Adorable 3 Bed/1 Bath, 1325 sq/ft close to East Portal Park and walking distance to restaurants and shopping. Features include hardwood Áoors, Àreplace in the living room, separate dining room, recessed lighting and dual pane windows. It also features a 2 car garage which is hard to Ànd in the area.The quaint private backyard bungalow with Vermont Castings gas stove looks out onto the covered brick patio and lush yard with fruit trees. $439,950
Original old world charm in this classic Tudor! Adorable 3 Bedroom/2.5 Bath, 2560 sq/ft on a desirable street in East Sac. The charm is in the details - tiled entryway with arched closet, vaulted ceilings with crown moulding, several original built-ins, hardwood Áoors and leaded glass windows.Very spacious family room that leads out to the backyard. Wonderful entertaining space in back with covered porch and stone details. $785,000
CHARMING EAST SAC TUDOR! Charm abounds in this adorable East Sac Tudor on one of the most desirable tree-lined streets. This 2 Bed/1 Bath, 1044 sq/ft home has a fully remodeled garage with bedroom, full bath and laundry room + some garage storage space. $549,950
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Another reason to have the right living trust: Your daughter-in-law, Lucy • She has at least three personal shoppers on speed dial. • Her poodle owns more designer clothing than you do. • She suggests “upgrades” to your home each time she visits. • She thinks you can buy happiness – and she measures it in karats. • She likes to be seen at the trendiest night clubs in town; your son prefers to stay home with the kids. What if your estate ended up in her control? Call me for a free consultation and learn how you can plan for the “Lucy” in your life. Or visit www.wyattlegal.com.
law office of brian d.wyatt ,PC
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trusts & estates probate special needs planning
3406 American River Drive Suite B Sacramento, CA 95864 273-9040
Thanks to Yelp reviews...
Yes, thanks to Yelp reviews! Over the course of these last few years, Yelp has really helped us to get better. (Also check out our Google reviews)!
$69 preseason tune-up and duct inspection call 916-454-4600 At A and P Heating and Cooling Inc., we WELCOME criticism! It only helps us to stay close at working hard at our commitment to get better. As a customer service business we value that input, for without it, we would never really know. With this said, We made some very big changes in the last year! The owner, Todd Baltzey, knew things needed to and had to change if he wanted to continue to be successful in this area.“Within the last year, nearly 90% of the team members have been replaced including the management team. We brought on better and more highly educated / qualiﬁed personnel who are long time HVAC veterans. We needed this staff to service the unique homes and the wonderful families in this area. By making these changes last year, we have grown a bit over 30%. It has been a hard but great change for us” said Todd. Our motto at A and P Heating and Cooling Inc., is “Standard of Excellence” This is what our customers, since 1963, have known us to passionately strive for. Give us a call to schedule a time for your cooling tune up at 916-454-4600 and experience the difference in what a heating and cooling contractor who is committed to excellence feels like. We are so sure of our services that we state: If we tune up your air conditioner this spring season and it fails to work on that Àrst hot day of the year, we will fully refund you the cost of the tune up you have paid and give you an entire year for free! As always, we offer a free second opinion if you feel you got misleading or wrong information from another HVAC contractor.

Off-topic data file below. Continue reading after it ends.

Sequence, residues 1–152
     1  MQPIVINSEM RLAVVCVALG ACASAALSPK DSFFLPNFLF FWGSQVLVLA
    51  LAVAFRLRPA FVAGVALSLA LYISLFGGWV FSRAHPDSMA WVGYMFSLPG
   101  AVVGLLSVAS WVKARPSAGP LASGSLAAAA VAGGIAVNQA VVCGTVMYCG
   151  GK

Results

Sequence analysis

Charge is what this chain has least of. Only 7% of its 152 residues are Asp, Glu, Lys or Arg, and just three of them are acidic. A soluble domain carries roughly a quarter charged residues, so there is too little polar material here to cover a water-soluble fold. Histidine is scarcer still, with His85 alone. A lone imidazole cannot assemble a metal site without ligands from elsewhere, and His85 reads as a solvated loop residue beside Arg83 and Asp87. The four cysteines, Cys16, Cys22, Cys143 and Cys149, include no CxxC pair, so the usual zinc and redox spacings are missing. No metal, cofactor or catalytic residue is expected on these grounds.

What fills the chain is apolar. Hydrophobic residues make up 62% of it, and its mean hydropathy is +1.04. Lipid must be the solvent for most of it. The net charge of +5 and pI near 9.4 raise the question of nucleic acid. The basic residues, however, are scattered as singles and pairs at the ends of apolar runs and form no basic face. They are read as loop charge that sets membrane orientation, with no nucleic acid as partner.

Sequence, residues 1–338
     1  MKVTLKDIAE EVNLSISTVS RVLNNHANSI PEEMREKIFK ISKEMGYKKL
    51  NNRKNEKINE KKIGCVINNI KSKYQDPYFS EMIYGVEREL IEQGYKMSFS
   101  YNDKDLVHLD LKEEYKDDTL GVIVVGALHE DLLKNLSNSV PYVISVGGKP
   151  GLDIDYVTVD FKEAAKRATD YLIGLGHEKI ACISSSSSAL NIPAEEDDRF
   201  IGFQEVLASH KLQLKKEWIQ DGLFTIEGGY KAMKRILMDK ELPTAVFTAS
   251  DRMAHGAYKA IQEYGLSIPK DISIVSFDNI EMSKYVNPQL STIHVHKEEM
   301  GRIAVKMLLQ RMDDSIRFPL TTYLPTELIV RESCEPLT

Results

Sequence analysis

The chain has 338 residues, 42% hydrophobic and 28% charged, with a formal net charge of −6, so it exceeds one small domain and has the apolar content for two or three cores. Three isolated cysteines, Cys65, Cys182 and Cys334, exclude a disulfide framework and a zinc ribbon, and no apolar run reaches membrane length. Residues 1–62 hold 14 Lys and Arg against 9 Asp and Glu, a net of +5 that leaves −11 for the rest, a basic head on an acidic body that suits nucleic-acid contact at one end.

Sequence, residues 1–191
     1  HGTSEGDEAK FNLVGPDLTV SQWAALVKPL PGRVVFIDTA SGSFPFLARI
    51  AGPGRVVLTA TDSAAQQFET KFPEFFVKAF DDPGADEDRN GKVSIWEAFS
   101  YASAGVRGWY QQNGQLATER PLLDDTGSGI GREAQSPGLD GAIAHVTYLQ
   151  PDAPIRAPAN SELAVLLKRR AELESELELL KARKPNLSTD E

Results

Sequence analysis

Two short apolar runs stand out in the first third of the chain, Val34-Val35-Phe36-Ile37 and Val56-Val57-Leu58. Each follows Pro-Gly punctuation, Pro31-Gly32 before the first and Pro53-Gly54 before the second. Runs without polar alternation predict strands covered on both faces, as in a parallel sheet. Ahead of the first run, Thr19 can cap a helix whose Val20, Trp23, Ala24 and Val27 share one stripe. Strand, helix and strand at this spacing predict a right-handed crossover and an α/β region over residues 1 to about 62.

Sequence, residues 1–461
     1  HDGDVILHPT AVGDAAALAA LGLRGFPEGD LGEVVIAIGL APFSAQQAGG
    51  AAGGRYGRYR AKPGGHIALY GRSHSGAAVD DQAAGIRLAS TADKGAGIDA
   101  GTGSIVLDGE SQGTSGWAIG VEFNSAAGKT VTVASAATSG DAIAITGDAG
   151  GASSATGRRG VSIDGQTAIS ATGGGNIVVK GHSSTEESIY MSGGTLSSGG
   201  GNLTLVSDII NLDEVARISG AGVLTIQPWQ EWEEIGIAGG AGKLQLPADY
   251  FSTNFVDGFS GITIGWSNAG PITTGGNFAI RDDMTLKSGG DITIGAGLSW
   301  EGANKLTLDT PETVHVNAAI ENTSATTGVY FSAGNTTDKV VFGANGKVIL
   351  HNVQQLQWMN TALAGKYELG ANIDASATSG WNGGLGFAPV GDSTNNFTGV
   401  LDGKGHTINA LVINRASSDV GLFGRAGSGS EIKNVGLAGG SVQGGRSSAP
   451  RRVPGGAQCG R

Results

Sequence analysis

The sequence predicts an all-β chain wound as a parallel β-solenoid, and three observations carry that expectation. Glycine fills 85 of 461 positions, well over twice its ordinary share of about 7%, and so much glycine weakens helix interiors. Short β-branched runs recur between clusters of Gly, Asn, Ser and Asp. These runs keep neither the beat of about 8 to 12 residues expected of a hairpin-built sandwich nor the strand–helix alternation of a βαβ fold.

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A/C Tune Up & System Inspection Special* $69. Additional $15 off for those that can show us your A&P Heating & Cooling magnet. (Call our of¿ce to get a magnet if you don’t have one)
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EAST SACRAMENTO McKINLEY PARK RIVER PARK ELMHURST TAHOE PARK CAMPUS COMMONS
LAND PARK CURTIS PARK SOUTH LAND PARK HOLLYWOOD PARK MIDTOWN DOWNTOWN
ARDEN ARCADE SIERRA OAKS WILHAGGIN DEL PASO MANOR CARMICHAEL
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COVER ARTIST Carolina Galleran White Buffalo Gallery will be exhibiting the art of Carolina Galleran through May 2. Shown on cover is “Undulation, Disintegration.” An opening reception on Second Saturday April 12 runs 5 to 8 p.m. The gallery is located at 3671 J St. in East Sac.
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LOCAL APRIL 16
PUBLISHER Cecily Hastings email@example.com 3104 O St. #120, Sac. CA 95816 (Mail Only) EDITOR PRODUCTION DESIGN PHOTOGRAPHY AD COORDINATOR DISTRIBUTION ACCOUNTING EDITORIAL POLICY
VOL. 21 • ISSUE 3